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Virginia Freedom of Information Act (FOIA) Policy

The Virginia Freedom of Information Act guarantees citizens of the Commonwealth and representatives of the media access to public records held by public bodies, public officials and public employees. The VBOA maintains records pertaining to CPA examination and licenses.

A public record is any writing or recording – regardless of whether it is a paper record, an electronic file, an audio or video recording, or any other format – that is prepared or owned by, or in the possession of a public body or its officers, employees or agents in the transaction of public business. All public records are presumed to be open, and may only be withheld if a specific, statutory exemption applies. Certain types of personally identifying information may be withheld at the VBOA’s discretion.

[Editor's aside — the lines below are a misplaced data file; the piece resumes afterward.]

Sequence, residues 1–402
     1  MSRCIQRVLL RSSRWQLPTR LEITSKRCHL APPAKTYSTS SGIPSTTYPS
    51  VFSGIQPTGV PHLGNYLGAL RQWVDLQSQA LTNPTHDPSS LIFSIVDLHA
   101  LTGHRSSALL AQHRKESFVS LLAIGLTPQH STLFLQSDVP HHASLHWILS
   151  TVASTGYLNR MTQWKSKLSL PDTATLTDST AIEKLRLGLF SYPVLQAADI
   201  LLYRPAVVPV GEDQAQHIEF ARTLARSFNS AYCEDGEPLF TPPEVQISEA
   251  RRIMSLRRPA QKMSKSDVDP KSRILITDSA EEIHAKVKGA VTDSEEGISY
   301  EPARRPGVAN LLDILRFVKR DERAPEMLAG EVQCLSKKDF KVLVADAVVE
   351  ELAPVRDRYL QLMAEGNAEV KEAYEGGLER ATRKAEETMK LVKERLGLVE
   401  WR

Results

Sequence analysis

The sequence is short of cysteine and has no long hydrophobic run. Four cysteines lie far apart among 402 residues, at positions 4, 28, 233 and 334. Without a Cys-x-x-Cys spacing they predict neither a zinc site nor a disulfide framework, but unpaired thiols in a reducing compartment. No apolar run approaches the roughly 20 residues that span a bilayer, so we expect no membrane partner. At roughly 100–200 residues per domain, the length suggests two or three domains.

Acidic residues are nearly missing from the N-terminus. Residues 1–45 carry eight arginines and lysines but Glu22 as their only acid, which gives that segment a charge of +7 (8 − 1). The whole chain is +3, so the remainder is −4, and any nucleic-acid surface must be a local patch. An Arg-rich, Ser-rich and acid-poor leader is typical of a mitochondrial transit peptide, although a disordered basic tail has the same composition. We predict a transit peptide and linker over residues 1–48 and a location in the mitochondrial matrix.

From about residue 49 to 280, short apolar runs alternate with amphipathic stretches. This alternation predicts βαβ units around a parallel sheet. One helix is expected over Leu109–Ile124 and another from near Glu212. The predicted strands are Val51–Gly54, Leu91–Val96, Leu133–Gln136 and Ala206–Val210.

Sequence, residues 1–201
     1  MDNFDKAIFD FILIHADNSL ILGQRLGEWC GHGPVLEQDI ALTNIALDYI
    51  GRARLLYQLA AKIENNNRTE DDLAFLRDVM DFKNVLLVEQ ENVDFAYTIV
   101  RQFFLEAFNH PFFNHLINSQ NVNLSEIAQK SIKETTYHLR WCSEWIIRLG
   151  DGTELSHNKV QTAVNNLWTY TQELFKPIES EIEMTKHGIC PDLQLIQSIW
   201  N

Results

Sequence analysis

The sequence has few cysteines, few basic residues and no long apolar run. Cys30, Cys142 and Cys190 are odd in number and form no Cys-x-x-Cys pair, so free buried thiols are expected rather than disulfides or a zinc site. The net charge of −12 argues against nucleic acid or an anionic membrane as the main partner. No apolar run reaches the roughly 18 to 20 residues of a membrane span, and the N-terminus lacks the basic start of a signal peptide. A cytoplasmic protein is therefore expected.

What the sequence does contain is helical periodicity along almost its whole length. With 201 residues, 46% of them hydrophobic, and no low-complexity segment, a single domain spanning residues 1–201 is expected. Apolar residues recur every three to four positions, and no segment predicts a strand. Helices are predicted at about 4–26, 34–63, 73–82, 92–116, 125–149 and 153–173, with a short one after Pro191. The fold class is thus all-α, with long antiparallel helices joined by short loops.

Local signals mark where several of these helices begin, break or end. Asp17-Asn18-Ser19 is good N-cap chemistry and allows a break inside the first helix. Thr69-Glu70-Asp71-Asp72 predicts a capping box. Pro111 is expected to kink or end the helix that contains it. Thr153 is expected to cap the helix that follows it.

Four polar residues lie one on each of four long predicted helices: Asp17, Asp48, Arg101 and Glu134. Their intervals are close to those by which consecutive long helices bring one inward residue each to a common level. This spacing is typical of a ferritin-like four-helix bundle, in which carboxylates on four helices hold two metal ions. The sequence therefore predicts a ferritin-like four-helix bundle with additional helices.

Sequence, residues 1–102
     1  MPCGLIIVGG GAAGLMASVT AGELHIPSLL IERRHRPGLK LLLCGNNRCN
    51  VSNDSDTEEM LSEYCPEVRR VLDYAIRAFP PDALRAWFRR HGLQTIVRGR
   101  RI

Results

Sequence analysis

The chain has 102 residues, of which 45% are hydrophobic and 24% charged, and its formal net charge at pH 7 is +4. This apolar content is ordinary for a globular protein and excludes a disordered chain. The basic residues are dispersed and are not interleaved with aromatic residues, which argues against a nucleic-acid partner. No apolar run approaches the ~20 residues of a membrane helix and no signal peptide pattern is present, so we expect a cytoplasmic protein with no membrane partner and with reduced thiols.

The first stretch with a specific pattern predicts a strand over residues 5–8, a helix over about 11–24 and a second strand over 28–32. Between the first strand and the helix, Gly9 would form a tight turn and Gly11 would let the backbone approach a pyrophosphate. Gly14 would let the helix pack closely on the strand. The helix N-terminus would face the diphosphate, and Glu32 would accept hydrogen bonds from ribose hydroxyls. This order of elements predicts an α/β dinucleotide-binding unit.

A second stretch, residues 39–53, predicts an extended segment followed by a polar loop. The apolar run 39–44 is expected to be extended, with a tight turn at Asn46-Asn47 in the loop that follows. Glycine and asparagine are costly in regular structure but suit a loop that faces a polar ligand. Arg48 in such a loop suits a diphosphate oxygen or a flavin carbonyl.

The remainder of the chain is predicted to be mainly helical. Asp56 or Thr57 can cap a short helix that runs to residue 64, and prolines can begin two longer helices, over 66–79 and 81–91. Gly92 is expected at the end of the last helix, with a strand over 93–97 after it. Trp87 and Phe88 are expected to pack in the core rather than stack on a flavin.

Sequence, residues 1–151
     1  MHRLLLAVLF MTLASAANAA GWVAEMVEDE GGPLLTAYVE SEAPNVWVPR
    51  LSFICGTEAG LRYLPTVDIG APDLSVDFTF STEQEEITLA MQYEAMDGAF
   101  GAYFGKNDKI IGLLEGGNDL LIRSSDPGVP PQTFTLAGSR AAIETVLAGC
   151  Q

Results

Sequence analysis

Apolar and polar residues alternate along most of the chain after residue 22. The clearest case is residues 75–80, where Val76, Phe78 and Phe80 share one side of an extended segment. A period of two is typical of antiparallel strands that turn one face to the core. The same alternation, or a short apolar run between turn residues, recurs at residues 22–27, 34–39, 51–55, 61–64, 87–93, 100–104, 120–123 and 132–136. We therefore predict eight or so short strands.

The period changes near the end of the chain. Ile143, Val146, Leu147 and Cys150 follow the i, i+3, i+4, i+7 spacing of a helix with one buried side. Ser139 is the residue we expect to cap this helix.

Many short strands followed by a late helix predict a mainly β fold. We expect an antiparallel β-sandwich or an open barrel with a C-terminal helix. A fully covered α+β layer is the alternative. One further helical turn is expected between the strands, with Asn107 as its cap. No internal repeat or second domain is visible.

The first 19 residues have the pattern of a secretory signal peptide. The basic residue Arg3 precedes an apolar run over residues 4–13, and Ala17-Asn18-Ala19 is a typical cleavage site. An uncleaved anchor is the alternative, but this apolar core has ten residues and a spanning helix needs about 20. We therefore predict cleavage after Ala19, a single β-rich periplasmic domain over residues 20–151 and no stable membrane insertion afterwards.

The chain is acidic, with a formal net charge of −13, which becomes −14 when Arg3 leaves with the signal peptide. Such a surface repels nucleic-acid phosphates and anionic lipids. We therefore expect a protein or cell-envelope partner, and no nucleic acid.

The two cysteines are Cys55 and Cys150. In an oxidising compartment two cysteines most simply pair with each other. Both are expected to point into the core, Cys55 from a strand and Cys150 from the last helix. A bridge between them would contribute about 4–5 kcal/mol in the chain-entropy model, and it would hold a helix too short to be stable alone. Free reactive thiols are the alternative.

The policy and purpose of FOIA is to promote an increased awareness by all persons of governmental activities. In furthering this policy, FOIA requires that the law be interpreted liberally, in favor of access, and that any exemption allowing public records to be withheld must be interpreted narrowly.

FOIA rights

Records may be requested by U.S. mail, fax, email, in person, or over the phone. FOIA does not require requests be in writing, nor specifically stating it is a FOIA request.

Individuals have the right to request any charges for the requested records be estimated in advance.

If an individual believes FOIA rights have been violated, a petition may be filed in district or circuit court to compel compliance with FOIA. Alternatively, the individual may contact the FOIA Council for a nonbinding advisory opinion. The FOIA Council also provides an online public comment form on their website regarding assistance to a requested record.